Today’s lesson revolved around global businesses. Although I prepared for today, our group had to constantly readjust our schedule because of the events that happened. Today’s wakeup call was 7 AM and I became very nervous when the group did not come out of their rooms. I guess that’s just me though; I am very punctual and need very little maintenance. Because I am soft-spoken, I made a big effort to project my voice and become a leader. After everyone finished getting ready, we head downstairs to the Gua Gua (bus) where we ate our packed breakfast (two mashed potatoes and salami). We were on our way to Barahona, to see the sugar cane plantations. There, we had the opportunity to hear the perspective of the sugar industry through Raphael, our tour guide who worked in the industry. An engineer named Karen explained how the sugar cane is grown. We also visited a local community not too far away from the plantations, called Bombita. It was a poor community with many children who would run to the lake to play and splash in the water.
There, Raphael explained about the growing economy and how women were raising fish. Afterwards, we went to another city, where we saw the factory where they create brown sugar and molasses. Later on, we went out separate ways to Plataforma Vida to hear the local’s opposing perspective of the industry. On our way there, the Gua Gua overheated and stopped on the side of the road. Fortunately, we were able to get back on the road. We had a lunch of red rice and beans, tomato and cucumber salad, and chicken. After, we had a guest speaker speak about his perspective of the industry. Originally, we planned to split everyone into two groups, so that we can hear the stories of sugar cane workers. Unfortunately, there was a protest outside and we left to Batey 5, a small community with a former sugar cane worker. Our tour guides for this community were Ramon and Francisco. It was amazing to see how little the children have, but how happy and appreciative they were. There, we were introduced to a small school that used to teach baking. It was shocking to know that six people would live in such tiny homes (14 feet by 14 feet!). Afterwards, we went on the Gua Gua and drove back to San Juan De La Maguana. We had free time for about an hour and then walked to Onaney’s for our amazing dinner. I will never ever be tired of French fries and chicken strips. After our meal, we left the restaurant saying “ Dis frutes tu fiesta Onaney!” It was pretty cute. Afterwards, we walked back to our hotel to finish our nightly routine and self-reflection. It made me really happy to know how much the group believed in me, and I definitely will remember those words wherever I go.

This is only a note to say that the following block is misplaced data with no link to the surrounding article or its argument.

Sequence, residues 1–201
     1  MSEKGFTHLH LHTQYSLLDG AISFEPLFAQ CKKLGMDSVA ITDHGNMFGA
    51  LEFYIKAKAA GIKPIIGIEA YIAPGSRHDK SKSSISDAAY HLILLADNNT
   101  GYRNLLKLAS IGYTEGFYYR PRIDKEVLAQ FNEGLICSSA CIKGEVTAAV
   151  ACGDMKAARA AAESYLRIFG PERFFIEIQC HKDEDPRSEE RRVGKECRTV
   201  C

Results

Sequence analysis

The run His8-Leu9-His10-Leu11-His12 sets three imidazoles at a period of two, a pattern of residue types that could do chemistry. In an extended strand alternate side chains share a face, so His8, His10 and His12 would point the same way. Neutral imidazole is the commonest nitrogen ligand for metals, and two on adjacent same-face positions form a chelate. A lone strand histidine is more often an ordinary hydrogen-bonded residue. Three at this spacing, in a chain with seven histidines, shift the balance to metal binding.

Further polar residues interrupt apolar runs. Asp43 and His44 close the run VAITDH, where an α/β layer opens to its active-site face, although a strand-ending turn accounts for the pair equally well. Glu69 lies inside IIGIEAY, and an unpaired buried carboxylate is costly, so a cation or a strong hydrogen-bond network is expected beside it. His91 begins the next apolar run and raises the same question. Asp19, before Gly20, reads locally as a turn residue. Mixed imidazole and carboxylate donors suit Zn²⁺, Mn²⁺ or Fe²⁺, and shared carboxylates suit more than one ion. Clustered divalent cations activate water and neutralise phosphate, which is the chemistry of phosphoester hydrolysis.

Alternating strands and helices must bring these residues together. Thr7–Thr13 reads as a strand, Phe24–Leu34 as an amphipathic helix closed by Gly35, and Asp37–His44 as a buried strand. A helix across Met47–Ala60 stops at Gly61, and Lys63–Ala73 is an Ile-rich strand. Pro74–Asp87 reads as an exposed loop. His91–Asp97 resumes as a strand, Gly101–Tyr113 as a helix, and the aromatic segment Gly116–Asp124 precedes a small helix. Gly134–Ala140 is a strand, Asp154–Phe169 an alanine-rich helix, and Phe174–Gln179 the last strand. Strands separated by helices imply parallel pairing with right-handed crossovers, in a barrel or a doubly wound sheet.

ALSO I LOVE YOU DADDY I’M DOING OKAY ONG GIA. CHO TUOI TUONG BA LAM. CON LA CON RUA <3333333 SEE YOU SOON 🙂